Richard Dunne: Defender for Whom?
No luck for this Irishman, rather, he’s a curse for his side these days.
When teams line up to play Manchester City, are they overjoyed to see Dickie Dunne in the back for Man City, sporting the captain’s armband and all?
I would think so, because Dunne is more likely to score for the opposing team than his own. Despite his resolute play throughout a game, winning headers and controlling the back line, in the end he’s more likely to trip up, miss read or miss play the ball and help orchestrate a goal scoring opportunity for the opposing club rather than defend his team from conceding goals.
For teams lining up to play City, Dunne is like having a wild card in the deck that turns your hand from a loser to a winner – a pot winning turn when you least expect it.
Dunne has scored 7 goals for Manchester city in 266 appearances, but he’s also scored 6 owns goals. And this doesn’t include the times where he’s kicked the ball into a teammate that then resulted in an own goal.
I’m confused though, why does Manchester City spends all of this money on a player like Robinho but keep a player like Dick Dunne to marshal their back line? I’m sorry if this comes across as too harsh, but this is the English Premier League, you can’t continue to make so many mistakes and keep your job. This is one if not the top professional soccer league in the world. It just doesn’t make any sense, especially when you have all of this Abu Dhabi oil money rushing in to buy players and build a new club.
Dunne scores more own goals and gets more red cards than probably any other player in the league. If he’s not bumbling a play or miss kicking the ball, then he’s fouling a player and getting tossed from the game. Which just might be the best thing for Manchester City.
In their recent match against Tottenham Hotspurs, Dunne tried to win the ball with his chest when he was the last man in the back, but he missed the ball and it fell to Darren Bent who was then powered the ball into the back of the net. Later, Dunne fouled Bent who was in clear on goal and Dunne, thankfully to some City fans I’m sure, received a red card and was off the pitch.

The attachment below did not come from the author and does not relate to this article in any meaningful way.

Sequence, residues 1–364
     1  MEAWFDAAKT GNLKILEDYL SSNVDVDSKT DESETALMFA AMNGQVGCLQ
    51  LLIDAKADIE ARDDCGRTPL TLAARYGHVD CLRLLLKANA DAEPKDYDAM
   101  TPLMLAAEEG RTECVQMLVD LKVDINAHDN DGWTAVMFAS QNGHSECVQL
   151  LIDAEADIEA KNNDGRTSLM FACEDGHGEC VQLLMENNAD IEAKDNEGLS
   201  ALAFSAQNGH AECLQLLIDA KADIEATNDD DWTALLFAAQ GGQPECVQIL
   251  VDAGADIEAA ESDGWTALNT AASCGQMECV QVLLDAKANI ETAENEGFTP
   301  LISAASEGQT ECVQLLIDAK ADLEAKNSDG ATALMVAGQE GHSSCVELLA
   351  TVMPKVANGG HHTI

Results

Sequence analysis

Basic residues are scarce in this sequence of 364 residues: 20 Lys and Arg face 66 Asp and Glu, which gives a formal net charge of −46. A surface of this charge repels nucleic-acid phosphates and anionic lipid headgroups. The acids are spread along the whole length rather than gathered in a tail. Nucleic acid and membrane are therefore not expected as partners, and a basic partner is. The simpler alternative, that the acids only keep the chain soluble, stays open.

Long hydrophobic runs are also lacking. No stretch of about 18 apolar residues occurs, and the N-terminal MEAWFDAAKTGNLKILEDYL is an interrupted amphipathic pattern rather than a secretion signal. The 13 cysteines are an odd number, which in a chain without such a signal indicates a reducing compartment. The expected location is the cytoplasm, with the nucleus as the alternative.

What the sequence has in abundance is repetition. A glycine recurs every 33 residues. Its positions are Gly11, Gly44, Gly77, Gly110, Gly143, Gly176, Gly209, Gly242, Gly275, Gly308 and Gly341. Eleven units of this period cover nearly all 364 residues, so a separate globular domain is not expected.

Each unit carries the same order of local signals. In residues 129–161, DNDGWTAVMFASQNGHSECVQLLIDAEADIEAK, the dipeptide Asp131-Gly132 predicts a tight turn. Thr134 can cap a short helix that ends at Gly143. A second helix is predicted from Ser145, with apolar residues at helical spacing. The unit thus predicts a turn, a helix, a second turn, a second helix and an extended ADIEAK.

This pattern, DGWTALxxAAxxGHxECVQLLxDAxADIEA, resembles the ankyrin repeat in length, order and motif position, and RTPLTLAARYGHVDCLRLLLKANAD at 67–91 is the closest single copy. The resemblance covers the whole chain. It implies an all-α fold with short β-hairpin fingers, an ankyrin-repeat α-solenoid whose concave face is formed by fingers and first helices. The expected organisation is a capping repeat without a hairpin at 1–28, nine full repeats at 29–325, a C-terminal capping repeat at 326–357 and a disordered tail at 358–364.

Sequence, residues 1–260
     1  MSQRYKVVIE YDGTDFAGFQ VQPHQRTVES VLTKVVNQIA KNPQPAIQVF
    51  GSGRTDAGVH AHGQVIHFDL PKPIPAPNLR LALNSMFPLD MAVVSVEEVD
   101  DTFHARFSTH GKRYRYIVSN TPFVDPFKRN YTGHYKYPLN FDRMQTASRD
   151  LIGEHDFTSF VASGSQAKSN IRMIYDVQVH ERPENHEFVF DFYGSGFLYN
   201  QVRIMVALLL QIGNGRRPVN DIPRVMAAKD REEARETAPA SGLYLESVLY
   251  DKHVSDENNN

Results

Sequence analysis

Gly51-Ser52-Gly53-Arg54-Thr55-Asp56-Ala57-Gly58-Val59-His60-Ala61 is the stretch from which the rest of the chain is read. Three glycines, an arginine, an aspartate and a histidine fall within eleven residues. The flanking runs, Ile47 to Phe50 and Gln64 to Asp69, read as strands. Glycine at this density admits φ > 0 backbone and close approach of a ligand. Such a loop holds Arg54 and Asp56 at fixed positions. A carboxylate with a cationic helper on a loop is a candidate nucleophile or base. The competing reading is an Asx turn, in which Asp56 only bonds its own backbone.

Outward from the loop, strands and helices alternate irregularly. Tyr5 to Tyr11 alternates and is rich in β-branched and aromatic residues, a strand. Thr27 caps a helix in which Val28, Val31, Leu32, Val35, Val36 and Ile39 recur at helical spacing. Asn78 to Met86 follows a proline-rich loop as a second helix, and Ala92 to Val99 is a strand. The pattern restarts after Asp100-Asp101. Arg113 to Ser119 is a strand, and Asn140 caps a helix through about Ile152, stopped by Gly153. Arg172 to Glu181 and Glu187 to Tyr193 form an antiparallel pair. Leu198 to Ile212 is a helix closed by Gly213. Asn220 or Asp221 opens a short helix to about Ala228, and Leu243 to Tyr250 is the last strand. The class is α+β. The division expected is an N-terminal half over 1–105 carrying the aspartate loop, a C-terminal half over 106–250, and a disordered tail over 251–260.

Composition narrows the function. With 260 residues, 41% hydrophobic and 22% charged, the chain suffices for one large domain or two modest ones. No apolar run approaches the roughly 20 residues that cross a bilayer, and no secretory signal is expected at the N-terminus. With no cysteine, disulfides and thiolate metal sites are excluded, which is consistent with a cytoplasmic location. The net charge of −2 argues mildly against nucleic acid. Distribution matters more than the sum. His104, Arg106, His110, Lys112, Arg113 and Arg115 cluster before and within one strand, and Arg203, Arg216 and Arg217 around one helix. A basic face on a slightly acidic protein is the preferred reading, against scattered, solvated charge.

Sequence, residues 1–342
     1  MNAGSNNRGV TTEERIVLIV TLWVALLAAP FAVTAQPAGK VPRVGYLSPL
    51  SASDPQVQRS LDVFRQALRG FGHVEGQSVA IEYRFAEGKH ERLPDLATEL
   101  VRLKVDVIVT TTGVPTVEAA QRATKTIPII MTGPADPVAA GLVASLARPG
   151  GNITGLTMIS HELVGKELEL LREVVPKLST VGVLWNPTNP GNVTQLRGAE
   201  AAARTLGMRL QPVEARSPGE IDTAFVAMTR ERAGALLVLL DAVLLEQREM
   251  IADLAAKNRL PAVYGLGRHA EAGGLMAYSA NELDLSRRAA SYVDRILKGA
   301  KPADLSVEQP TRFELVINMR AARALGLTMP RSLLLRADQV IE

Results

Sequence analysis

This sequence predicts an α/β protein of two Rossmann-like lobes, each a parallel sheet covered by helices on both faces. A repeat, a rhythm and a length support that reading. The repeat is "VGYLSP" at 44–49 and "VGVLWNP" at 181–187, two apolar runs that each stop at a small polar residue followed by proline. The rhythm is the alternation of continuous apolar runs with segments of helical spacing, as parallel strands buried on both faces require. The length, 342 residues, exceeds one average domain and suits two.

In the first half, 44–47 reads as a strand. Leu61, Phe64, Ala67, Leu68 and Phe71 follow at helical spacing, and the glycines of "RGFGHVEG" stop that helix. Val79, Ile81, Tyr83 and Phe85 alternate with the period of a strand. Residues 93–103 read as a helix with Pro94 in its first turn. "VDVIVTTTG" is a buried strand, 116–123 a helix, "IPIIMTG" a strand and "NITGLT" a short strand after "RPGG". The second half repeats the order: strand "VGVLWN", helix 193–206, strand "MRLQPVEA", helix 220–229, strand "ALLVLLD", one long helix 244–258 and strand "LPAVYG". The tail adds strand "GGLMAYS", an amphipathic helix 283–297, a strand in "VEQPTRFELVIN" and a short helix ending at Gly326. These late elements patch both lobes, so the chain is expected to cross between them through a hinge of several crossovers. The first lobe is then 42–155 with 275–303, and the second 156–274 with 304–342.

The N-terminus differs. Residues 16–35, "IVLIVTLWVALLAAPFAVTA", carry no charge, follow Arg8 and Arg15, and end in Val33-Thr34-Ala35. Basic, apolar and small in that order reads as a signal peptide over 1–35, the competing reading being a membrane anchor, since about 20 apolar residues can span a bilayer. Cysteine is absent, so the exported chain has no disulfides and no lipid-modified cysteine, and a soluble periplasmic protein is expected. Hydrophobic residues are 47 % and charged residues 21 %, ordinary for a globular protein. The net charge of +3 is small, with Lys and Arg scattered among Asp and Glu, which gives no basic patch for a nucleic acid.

After Dunne was gone, and Manchester City was playing with nine players (Gelson Fernandes was also sent off earlier in the match), they actually seemed more dangerous and less vulnerable in the back. Dunne was gone and there was no more need to worry about mishaps in the back or own goals.
And there’s no relief coming anytime soon for Manchester City fans, as Dunne has signed a new four-year contract that puts him on board through 2012.
The stark contrast between the skill of Robinho and the absence of skill in Dunne epitomizes the two sides of Manchester City, the old and the new, the good and the bad, the silky and the bumbling. In which direction does Manchester City want to go?
Even more confounding, Dunne’s an Irish international, not sure how helpful he’s been in bumbling and fumbling goals into his own net for his country. Hopefully he’s a much different player and the luck of the Irish is on his side when he suits up for Ireland, otherwise, it will take a Leprechaun to conjure up some kind of magic if they want to make it into the World Cup in South Africa with Dunne in the back.
As I understand it, Dunne has been named the player of the year for Manchester City the past few years, am I missing something? Are they naming the most unpredictable player of the year – who can score for either team? Granted, Dunne is a workhorse of a player who rarely stops running, but come on, his mistakes this year make me question the strategy of the Manchester City management.